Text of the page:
The overwhelming statistics demand intimate and intrusive engagement that rises above fleeting conversations. But they’re reasons why we don’t get close enough to embrace a young man or woman.  We’re scared. The annual murder counts are more than alarming. Murder creates an environment of fear that facilitates a hands-free ethic of care. Consequently, even the best of us essentially drop in from our collective ivory towers only to helicopter out with deliberate speed.  We never become a part of the social milieu. We’ve become what I often refer to as arms-length advocates.

Arms-length advocacy can’t replace the strong hugs our children actually need. We can’t let fear or disengagement deny ourselves opportunities to prevent the unnecessary loss of yet another Jared. The community involvement we need is so simplistic it’s almost insulting to repeat. If more of us who care are fully present, murder rarely happens. If family members, neighbors and friends displayed the courage and love to take the gun away, report the crime and redirect the anger, we would not be our current situation.  If those who are not expected to save a son took every opportunity to act, the ongoing professional work could gain traction.

Ms. Burks and I simply can’t let another opportunity pass.  If the community character is not present, we must develop it.  Moral discernment must be taught, displayed and executed.  Therefore, we ask everyone who reads this to take opportunities to build our capacities.

Each year for my birthday (October 12) I try to give back.  I’m privileged. Service is the obligation of privilege.  My birthday always seemed like the perfect date to give back.  This year I asked Ms. Chandra Burks if we could become mentors and direct our friends to deeper mentoring opportunities.  She agreed.  Over the next week we are directing people to the New Orleans Kids Partnership Mentor and Tutor sign-up program <>.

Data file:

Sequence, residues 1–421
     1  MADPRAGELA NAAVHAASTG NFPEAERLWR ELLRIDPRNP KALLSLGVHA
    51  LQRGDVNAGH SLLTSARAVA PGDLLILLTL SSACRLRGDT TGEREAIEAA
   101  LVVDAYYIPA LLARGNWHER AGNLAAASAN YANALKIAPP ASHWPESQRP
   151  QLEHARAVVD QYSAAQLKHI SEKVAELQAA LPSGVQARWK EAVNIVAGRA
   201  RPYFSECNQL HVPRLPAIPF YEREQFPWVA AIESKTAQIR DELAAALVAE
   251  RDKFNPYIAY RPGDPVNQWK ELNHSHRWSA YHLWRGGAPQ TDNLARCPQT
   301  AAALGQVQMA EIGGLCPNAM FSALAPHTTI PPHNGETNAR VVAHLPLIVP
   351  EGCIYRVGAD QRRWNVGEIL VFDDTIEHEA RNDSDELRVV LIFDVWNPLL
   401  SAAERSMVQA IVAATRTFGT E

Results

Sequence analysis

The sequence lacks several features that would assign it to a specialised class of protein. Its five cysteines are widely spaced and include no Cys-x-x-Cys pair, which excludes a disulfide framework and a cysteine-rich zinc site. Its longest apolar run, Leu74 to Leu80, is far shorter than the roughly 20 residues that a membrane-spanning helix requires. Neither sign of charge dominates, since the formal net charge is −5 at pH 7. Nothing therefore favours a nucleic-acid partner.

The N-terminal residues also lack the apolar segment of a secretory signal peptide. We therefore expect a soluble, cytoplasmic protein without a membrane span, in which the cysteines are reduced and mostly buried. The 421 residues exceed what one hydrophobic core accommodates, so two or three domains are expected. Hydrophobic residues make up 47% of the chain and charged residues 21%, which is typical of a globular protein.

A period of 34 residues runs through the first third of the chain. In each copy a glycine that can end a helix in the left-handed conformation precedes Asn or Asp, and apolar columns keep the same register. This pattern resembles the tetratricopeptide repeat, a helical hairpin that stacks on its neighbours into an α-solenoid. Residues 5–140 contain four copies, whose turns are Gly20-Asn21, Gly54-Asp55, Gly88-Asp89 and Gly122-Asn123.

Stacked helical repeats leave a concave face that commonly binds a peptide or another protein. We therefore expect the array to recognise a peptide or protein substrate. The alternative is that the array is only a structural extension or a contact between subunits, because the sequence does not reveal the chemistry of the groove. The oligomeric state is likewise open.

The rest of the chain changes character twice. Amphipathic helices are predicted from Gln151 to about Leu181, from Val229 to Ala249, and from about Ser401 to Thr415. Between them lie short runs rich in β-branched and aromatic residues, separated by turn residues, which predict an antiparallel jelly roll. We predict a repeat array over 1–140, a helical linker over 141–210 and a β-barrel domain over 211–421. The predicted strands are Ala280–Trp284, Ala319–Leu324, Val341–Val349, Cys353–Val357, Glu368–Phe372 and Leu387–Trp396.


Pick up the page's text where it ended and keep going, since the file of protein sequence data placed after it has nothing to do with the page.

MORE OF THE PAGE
New Orleans Kids Partnership has coordinated a variety of proven mentoring and tutoring programs across the Greater New Orleans region. NOKP made it very convenient for anyone to choose an organization that fits our busy schedules.  They also provide training and guidance on how to mentor or tutor. We can’t assume that everyone can serve as a role model.  Many “mentors” need mentoring. Nevertheless, NOKP and its partners make youth engagement a safe and organized process.

When you sign up, please indicate in the appropriate section that you heard about NOKP’s mentoring program through Ms. Chandra Burks.

As Ms. Burks and I meandered through our discussion, she could not keep straight the number of children she currently had.  She would say, “My three…I mean my two children.”  She may have lost a son, but she certainly gained a brother.  Hopefully, we will soon begin losing track of how many sons we have gained rather than from how many we have lost.

Andre Perry, Ph.D. (twitter: @andreperrynola) is Associate Director for Educational Initiatives for Loyola University New Orleans and author of The Garden Path: The Miseducation of a City.

A Look Back

Over four years ago, I starting taking pictures of a number of the abandoned, rotting public school buildings of New Orleans.